Sussmann drove us out of the lot, toward the foot of Market Street, and turned left at the seawall. Like a circulatory system, the city was in motion around us, its inhabitants on foot and in vehicles moving freely through an environment that perfectly suited them.

Sussman glanced over with a respectful nod.

I was old, and he was new. He was what I and the other 653 pre-evs in San Francisco had chosen not to become. That used to fill me with pride; right now I just felt left behind.

He smiled at me. I looked away. The mountain-like range of the old Financial District's buildings loomed on our left against the iridescently bilious sky.

"I've always wanted to go on one of these." Sussman sat forward, craning his neck for a better view, as if he could make their destination appear sooner. Somehow his excitement felt belittling. This call meant trouble for a pre-ev, for one of my 653.

I blinked behind the tight lenses that sealed in my eyes. My eyelashes brushed the plastic. "How's that?"

He cut around the street closures without consulting the vehicle's grid. "A call like this," he said. "One of yours."

He spoke with absolute normalcy, colloquial speech, no strange modulations--a perfectly ordinary pre-ev voice coming out of that strange living shape.

I was only getting the usual shallow sips of air that the filters could provide, which added a little constrictive panic to every intake. The heat was baking me in my clothes. "Listen, Sussmann--"

He looked over long enough to flash me a grin. Like the eyes, the lips were normal, and the grin seemed dismayingly human. "Lubrano. Hey, don't worry. I don't think I'm suddenly your partner. You've got a helluva lot of seniority on me, for one thing." He snapped out a bright little laugh. "It's just that, well... your work fascinates me, if you want to know the truth."

My jaw tightened. Suddenly all my smoldering anger felt justified. “Because I deal with pre-evs?” I couldn’t say “Newt,” but I did my best to turn the other term into a slur—since that was what the word felt like to me sometimes.

Sussman’s eager-beaver grin vanished. Even more gratifying, he stared intently at the road ahead. I wondered if he was blushing or doing whatever his kind did.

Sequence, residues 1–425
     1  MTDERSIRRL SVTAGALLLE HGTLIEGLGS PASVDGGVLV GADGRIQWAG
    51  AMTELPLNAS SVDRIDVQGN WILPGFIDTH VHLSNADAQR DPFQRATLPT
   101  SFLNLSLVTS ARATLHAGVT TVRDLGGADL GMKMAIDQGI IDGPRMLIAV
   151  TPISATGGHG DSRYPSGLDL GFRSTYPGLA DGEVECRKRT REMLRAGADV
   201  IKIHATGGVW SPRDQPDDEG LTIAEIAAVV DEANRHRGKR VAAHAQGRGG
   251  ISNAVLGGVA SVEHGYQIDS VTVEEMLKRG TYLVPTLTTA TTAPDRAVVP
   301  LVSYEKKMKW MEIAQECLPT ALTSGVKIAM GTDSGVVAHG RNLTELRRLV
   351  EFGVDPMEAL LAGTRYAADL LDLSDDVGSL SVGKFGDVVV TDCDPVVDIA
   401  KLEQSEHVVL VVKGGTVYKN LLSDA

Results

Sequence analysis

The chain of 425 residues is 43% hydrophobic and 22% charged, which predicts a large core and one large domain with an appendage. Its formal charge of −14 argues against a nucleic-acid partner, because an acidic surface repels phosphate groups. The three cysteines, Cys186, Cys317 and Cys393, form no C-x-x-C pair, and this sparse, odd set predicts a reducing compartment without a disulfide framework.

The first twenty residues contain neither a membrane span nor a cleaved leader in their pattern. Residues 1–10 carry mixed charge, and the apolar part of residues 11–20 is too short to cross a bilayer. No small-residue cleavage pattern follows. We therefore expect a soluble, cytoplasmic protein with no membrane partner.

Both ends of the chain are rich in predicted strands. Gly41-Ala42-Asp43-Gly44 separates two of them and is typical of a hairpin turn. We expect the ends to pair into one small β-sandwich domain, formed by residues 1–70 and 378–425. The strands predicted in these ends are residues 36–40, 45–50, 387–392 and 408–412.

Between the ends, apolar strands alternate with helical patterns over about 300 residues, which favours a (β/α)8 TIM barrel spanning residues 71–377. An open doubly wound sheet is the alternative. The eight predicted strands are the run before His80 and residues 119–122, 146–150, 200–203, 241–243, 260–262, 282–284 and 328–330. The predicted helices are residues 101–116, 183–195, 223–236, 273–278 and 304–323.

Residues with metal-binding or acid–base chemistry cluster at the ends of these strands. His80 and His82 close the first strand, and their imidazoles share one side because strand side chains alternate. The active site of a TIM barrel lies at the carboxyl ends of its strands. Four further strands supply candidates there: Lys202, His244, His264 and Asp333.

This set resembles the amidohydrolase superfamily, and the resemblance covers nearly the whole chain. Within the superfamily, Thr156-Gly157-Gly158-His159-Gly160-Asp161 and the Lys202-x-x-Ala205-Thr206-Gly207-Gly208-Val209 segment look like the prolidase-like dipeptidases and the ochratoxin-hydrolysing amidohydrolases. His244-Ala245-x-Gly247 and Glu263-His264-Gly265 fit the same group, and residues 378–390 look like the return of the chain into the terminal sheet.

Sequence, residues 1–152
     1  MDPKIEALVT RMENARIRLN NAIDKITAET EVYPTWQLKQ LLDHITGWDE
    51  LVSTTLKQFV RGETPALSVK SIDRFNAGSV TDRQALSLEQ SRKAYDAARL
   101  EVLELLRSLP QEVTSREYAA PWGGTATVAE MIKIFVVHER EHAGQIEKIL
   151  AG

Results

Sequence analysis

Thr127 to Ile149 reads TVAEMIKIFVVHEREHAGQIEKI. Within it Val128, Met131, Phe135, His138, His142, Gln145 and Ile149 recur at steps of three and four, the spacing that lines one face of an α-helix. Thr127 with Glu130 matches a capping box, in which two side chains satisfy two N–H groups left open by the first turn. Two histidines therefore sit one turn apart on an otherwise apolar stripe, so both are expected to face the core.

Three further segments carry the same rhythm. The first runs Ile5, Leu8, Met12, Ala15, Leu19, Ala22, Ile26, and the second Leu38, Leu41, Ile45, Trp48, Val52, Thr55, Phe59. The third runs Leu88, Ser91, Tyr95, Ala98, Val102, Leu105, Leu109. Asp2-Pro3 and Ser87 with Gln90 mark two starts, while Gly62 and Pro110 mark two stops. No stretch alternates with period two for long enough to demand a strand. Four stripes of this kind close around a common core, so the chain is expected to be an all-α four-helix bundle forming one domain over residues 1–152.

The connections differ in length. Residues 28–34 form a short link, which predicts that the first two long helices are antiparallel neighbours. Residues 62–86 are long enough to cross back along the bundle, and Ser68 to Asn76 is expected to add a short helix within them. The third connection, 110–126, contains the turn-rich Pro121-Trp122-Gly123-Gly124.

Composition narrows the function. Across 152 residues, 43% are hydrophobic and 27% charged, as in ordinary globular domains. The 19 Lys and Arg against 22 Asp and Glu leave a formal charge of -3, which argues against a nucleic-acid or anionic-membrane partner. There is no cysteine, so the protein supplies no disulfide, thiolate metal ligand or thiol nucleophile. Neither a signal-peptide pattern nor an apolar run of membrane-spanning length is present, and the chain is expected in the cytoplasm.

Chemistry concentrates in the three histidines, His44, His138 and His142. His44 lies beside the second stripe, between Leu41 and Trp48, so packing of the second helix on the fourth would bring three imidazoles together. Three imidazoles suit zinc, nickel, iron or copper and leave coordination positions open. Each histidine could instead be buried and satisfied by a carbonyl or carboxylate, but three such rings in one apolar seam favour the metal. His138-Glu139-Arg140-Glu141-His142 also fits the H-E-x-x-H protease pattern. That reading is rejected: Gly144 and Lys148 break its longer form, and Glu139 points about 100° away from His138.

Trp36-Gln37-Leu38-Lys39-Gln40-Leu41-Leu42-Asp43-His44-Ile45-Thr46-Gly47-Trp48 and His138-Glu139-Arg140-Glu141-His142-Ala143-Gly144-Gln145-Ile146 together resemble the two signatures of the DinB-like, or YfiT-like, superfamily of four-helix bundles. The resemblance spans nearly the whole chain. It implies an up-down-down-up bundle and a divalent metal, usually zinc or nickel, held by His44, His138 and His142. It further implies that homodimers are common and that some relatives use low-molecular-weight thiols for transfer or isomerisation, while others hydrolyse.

I sank back in the unit's passenger seat and watched the half-decayed, half-rebuilt street scape unfold ahead of us.

We arrived, and I saw it. Stretching across the Bay where it connected to the gelatinous Pacific, a great creaking monster, a remnant, eaten away by the excoriating wind: the bridge.

I left Sussmann in the cruiser behind the row of empty weather-stripped toll booths on the bridge, stepped through one of the gaps in the chain-link fence, and walked out onto the span.

The wind churned, pulling swaths of toxic cotton candy across the sky. Steel groaned. Cables had snapped over the years, and those left twanged in the gusts. Patches of kaleidoscopic fungal-glowing weeds had taken root, and the deserted roadbed shifted under my feet. The concrete was turning to powder. Ahead, the two towers of the Golden Gate soared, both rusted monoliths.

I couldn't move with speed, and every step brought new pain... I labored along, uncomfortably aware that my age and deteriorating physique would have had me huffing and sweating even if the environment still suited a pre-ev. I stared at my hands, worried that the brutal sunlight was causing the cloaking-salve to bubble on my knuckles. My eyes stung. I swallowed and grimaced, an ugly aftertaste in my mouth.

The woman leaned on a guardrail in the middle of the bridge. I paused, stared at her, then looked back down, focusing on my footing. There were holes big enough for me to fall through.

She was masked, of course, and wore a long gray coat. She stood near the westward rail, up on what was the pedestrian walkway when the bridge still operated. No one ever looks out at the sea on occasions like this; they all face toward the Bay and the city. It's always been that way.